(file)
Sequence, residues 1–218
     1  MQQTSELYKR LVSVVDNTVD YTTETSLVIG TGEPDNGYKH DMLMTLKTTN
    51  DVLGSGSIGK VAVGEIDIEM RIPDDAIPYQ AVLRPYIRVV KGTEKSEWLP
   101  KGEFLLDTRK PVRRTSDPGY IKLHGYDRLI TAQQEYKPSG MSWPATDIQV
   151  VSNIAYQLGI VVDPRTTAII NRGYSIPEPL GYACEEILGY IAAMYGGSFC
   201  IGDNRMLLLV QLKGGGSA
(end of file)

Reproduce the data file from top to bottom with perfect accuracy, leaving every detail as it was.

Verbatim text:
Sequence, residues 1–218
     1  MQQTSELYKR LVSVVDNTVD YTTETSLVIG TGEPDNGYKH DMLMTLKTTN
    51  DVLGSGSIGK VAVGEIDIEM RIPDDAIPYQ AVLRPYIRVV KGTEKSEWLP
   101  KGEFLLDTRK PVRRTSDPGY IKLHGYDRLI TAQQEYKPSG MSWPATDIQV
   151  VSNIAYQLGI VVDPRTTAII NRGYSIPEPL GYACEEILGY IAAMYGGSFC
   201  IGDNRMLLLV QLKGGGSA